What do you do when you’re told you’re going to die within the day? It’s a great question, and I love that They Both Die at the End tries to answer it in multiple ways. We have two main characters that are very different from each other, who then fate brings together to help them grow. I love that author Adam Silvera doesn’t go for the saccharine and goes deep into thoughts that most people probably have had, about what to do when confronted with the idea that they are about to die.

I love the book… but I’m not in love with it. Probably because it veered into romance territory near the end.

Spoiler alert?

I’m not going to say much. It’s just– I thought the book was amazing, and the way Silvera handled the multiple points-of-view was particularly outstanding. I love the way he threaded the stories together, and how passing characters in the beginning make quite an impact in the latter chapters.

But the love story felt out of place for me.

I understand that the characters would grow to care for each other. That they would grow to love each other. And there were hints throughout the book about the eventual… relationship development. It was not sprung on us. I just felt like, if the book really wanted to go there, they could have prepared the readers better. Or have been more upfront about it. As it was… the romance in the latter part of the book made me like it less.

Still– I do still love the book enough to recommend it to anyone who’s looking for a great story. Maybe other readers don’t (or won’t) feel the same way I do about the love story in the end.

Book: Revelations (Book Two of the Naermyth Series)

"Revelations"

It’s been six months after the events in Capiz. Athena fears her developing powers, knowing it’s only a matter of time before she loses control.

Meanwhile, the tension between Naermyth and humanity is growing. Macky believes Mamon is again engaged in shady operations. When Athena is sent to Intramuros to investigate, she triggers a chain of events that pit her against an entity far more malevolent than anything she’s ever encountered.

Full disclosure: I didn’t reread the first Naermyth book before cracking this book open. I wanted to see how this book holds up, considering it’s been a decade since Naermyth, the book it’s following, came out. That, and because I didn’t really have the time.

Good news: it’s easy to jump into the action. Although Revelations references a lot of events from the first book, it also provides enough context to make sure the readers understand what’s going on. I do have to admit that I got confused about how characters were related to everyone–but that was only in the beginning. Author Karen Francisco gave each character, especially the supporting ones, a broad enough stroke that you can pinpoint who they are in relation to our heroine.

And now comes the bad part–

Although my memory of Athena Dizon as she was in the first book is hazy, I still prefer her there than who she has become in Revelations. There’s a good chance this is nostalgia talking, but I thought Francisco handled Athena’s stoic nature better in Naermyth. In this book, I felt like the author relied a little too much on the reader being privy to Athena’s thoughts to justify her actions.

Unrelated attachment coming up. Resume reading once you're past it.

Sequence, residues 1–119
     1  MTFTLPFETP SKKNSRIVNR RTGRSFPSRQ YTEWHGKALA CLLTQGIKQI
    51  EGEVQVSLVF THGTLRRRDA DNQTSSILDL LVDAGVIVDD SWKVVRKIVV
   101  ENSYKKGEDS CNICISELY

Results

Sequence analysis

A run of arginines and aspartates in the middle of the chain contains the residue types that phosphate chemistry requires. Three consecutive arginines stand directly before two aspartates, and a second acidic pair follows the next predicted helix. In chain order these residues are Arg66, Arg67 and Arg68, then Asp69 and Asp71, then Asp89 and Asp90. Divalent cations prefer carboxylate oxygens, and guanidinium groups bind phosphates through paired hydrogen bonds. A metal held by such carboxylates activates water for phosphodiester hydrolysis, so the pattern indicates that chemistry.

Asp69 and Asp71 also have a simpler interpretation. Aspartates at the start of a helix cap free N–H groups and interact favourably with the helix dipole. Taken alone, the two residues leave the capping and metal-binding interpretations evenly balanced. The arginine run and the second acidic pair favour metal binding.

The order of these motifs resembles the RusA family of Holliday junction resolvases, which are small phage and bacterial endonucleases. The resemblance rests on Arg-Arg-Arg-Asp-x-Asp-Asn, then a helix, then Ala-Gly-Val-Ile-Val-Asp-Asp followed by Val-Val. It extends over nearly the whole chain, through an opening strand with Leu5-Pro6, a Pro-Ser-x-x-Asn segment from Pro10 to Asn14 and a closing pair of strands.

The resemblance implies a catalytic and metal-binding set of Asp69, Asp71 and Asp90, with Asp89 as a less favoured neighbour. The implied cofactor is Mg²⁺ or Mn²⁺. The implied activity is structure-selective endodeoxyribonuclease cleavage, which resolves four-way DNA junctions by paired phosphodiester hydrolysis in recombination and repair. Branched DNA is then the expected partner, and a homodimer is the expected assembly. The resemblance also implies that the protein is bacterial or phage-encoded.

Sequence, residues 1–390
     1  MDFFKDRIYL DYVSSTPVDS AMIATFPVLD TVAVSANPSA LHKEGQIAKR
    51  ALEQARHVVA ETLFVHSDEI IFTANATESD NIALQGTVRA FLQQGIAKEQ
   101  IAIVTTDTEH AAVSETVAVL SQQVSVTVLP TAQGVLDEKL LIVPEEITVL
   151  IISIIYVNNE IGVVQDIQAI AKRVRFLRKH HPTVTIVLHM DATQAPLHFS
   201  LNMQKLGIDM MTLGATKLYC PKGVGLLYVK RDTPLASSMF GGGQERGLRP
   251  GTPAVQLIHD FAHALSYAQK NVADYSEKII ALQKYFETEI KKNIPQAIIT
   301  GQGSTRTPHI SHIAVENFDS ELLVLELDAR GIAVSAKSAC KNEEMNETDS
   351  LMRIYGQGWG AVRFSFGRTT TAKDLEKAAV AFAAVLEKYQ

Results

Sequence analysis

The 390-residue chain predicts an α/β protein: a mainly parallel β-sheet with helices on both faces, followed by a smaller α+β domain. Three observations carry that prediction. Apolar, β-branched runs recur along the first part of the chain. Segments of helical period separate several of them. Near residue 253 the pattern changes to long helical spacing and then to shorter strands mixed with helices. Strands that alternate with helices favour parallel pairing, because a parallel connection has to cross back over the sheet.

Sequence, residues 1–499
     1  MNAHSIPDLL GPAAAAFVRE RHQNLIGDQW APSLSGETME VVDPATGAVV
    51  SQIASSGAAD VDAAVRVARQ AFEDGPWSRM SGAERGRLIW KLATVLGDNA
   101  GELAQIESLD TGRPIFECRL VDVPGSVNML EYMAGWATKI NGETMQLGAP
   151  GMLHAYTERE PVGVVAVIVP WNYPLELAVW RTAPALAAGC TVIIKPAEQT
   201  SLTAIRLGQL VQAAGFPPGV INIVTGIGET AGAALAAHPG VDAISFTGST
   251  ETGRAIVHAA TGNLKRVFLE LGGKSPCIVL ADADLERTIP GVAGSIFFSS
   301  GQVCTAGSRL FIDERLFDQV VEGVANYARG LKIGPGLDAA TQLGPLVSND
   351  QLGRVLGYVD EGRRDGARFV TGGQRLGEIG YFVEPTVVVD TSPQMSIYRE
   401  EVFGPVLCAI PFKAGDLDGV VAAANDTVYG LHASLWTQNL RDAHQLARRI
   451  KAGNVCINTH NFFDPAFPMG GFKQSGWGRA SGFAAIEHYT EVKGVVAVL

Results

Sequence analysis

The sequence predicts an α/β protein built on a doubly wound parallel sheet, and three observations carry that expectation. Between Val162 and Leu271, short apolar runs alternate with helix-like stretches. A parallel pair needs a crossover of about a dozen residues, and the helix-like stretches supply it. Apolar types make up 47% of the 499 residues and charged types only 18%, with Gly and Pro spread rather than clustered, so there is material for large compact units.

And speaking of being privy to Athena’s thoughts– I have a bone to pick with Revelations being in first-person. I admire how Francisco handled foreshadowing, and planting things to make certain twists not come left-of-field… But it made Athena’s character weak. We establish that she’s smart and savvy, that she notices a lot of things–and because the book is in first person, she takes note of Francisco’s planted plot devices too. So when the twists finally come, and Athena is taken aback, it makes her look stupid. She already noticed the discrepancies. Why wasn’t she able to put two and two together? (This was also my concern with Pierce Brown’s Morning Star.)

Athena’s character and the first-person perspective aside though, Revelations does show Karen Francisco’s growth as a writer. This book had better plotting and pacing, there’s a better sense of urgency and gravity, and most importantly, although this book is double the size of the first book–it’s an even faster read.

Francisco has improved exponentially as a story-teller. Her editors, on the other hand, might want to take another pass at the book, because some of the typos were jarring.

So was Revelations a good sequel to Naermyth? Yes. Was its release worth the wait? Yes. Does it end on another cliffhanger? Well… the fact that they’re calling it the second book off a series should answer your question.

All I’m hoping for now is that Francisco and Visprint don’t let another decade pass before the next book comes out.

(Disclaimer: A decade didn’t pass between the two books. I was exaggerating. But it has been almost eight years since Naermyth came out.)

Book: Ang Mundo ni Andong Agimat

"Ang Mundo ni Andong Agimat"

A world that’s full of mystery and wonder. This is the world of Andong Agimat.

Yeah, the book synopsis doesn’t really give much away–but then again, Ang Mundo ni Andong Agimat is a graphic novel. If it had a normal synopsis, it might have given the whole story away.

Yes, that’s a dig on how very short Ang Mundo ni Andong Agimat is (and most other local graphic novels).